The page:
The independent judicial body ITLOS on Tuesday has confirmed that human-caused greenhouse gas emissions constitute ‘pollution of the marine environment’ and that States therefore must comply with a wide-ranging set of obligations under the United Nations Convention on the Law of the Sea (UNCLOS).

In its ruling – an “advisory opinion”- the International Tribunal for the Law of the Sea (ITLOS) clarifies States’ obligations under UNCLOS with respect to impacts from anthropogenic climate change on the marine environment.

The judicial body has handed down an advisory opinion which is a response to a request by a collective of small island states called the Commission of Small Island States on Climate Change and International Law (COSIS), which was issued in December 2022.

The international court said states have a legal obligation to prevent, monitor and reduce the emissions that contribute to climate change and laid out specific requirements under the law of the sea to protect the ocean from the impacts of anthropogenic climate change, including international shipping.

The Tribunal has also made clear that simply participating in global efforts is not necessarily enough to meet this standard.

The news came to light by Opportunity Green, an NGO working to unlock the opportunities from tackling climate change using law, economics, and policy.

Opportunity Green’s submission to the Tribunal outlined the fact that UNCLOS requires States to take all necessary measures to prevent, reduce and control pollution of the marine environment including GHG emissions from vessels in line with the 1.5°C temperature goal of the Paris Agreement.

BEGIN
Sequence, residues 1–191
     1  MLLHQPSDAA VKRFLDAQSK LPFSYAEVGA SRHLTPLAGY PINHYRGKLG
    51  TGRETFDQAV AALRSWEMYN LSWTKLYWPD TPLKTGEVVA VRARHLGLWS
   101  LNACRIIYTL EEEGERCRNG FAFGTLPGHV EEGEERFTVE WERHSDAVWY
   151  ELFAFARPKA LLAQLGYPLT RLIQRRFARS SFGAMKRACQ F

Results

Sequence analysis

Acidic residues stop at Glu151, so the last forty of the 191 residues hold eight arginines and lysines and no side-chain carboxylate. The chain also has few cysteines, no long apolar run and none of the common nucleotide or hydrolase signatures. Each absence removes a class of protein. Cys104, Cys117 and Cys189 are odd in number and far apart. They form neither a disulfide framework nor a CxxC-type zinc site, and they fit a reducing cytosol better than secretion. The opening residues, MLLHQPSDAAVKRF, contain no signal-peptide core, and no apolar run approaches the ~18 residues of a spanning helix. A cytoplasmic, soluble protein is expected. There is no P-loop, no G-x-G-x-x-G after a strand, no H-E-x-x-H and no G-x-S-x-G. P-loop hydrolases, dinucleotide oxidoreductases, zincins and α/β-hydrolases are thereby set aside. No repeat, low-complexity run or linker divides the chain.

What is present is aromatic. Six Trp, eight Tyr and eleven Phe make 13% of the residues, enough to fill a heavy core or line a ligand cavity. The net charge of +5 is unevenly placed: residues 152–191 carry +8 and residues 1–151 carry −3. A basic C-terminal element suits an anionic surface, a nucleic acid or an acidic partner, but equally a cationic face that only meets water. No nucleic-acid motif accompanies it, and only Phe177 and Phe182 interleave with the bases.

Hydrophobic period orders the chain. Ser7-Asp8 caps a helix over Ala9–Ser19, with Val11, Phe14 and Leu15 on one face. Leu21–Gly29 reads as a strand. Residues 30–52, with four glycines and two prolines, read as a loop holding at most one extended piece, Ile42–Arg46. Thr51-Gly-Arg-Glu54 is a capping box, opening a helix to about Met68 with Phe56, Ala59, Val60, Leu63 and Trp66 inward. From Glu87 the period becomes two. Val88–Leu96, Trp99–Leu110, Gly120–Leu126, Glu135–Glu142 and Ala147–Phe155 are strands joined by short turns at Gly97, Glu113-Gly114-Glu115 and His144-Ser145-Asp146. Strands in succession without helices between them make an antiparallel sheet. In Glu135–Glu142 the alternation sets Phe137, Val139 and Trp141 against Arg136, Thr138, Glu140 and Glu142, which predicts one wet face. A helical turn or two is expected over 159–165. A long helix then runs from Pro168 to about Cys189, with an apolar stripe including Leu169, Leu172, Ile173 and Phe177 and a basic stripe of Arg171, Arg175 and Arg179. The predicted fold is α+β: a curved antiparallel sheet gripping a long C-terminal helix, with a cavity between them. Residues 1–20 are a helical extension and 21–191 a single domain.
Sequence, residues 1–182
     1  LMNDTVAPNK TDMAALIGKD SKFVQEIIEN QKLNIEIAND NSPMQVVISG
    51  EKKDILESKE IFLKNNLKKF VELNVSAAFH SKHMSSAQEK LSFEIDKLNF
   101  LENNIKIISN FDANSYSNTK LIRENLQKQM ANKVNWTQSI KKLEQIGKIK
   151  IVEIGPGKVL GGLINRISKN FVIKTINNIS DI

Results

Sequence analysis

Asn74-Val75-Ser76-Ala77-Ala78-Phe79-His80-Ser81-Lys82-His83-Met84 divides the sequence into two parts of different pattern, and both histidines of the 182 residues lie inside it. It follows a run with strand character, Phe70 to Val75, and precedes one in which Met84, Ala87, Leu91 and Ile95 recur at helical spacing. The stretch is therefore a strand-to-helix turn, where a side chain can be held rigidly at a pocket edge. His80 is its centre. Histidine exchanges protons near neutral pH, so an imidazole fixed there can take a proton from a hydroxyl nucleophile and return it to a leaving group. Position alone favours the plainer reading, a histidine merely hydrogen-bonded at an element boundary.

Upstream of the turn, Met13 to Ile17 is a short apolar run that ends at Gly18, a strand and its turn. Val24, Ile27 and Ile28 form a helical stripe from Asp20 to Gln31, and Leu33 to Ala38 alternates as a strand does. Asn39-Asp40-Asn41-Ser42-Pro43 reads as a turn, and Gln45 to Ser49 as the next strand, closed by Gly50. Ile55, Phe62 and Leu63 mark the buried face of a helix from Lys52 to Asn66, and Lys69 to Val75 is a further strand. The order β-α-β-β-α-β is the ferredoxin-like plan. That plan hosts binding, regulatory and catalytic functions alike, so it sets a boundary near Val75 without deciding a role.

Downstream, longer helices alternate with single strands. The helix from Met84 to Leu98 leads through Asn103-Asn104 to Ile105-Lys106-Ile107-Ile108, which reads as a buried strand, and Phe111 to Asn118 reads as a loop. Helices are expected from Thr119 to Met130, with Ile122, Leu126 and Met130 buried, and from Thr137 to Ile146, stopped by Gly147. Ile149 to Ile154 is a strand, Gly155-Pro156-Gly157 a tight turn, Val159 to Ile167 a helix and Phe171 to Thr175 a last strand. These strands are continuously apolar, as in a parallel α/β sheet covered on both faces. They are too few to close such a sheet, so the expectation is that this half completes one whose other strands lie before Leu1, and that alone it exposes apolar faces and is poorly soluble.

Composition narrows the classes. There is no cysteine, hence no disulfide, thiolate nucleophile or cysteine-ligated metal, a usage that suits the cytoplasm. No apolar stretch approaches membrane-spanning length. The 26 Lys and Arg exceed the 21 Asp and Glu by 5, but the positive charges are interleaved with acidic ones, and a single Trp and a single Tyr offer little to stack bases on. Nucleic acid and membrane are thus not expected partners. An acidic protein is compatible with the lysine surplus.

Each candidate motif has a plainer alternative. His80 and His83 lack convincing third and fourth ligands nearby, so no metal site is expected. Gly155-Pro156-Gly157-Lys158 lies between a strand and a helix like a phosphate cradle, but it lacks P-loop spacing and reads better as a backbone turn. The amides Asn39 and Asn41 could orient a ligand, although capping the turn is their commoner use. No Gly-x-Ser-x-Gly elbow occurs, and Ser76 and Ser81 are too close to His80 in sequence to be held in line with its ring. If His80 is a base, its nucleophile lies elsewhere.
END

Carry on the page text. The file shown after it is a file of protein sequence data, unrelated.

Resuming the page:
As long as climate policies enacted by the IMO remain unaligned with the Paris Agreement temperature limit, States are failing to meet their obligations under UNCLOS and that can and should adopt more stringent unilateral or regional standards to meet their obligations under UNCLOS.

This advisory opinion comes at the time when States at the International Maritime Organization (IMO) this September will continue the negotiations around the ‘basket of measures’ that will support the delivery of the Revised GHG Strategy agreed last year, as Opportunity Green explains in its statement.

Last year, Opportunity Green put forward a supporting submission to ITLOS urging the Tribunal to consider international shipping emissions in its opinion.

The submission called on the Tribunal to clarify countries’ legal obligations to stop the pollution of the marine environment and protect it from climate change impacts.

David Kay, legal director of Opportunity Green, said: “This is a seminal moment for international climate change law.

“The judges were clear that given the high risks of serious and irreversible harm to the marine environment, states’ obligations to address GHG emissions need to meet a very high standard, informed by the best available science and the 1.5 degree temperature goal and timeline.

“It’s not enough to just rely on global efforts and international organisations. With sectors such as international shipping currently off course, States urgently need to put in place effective policies to meet these legal obligations.”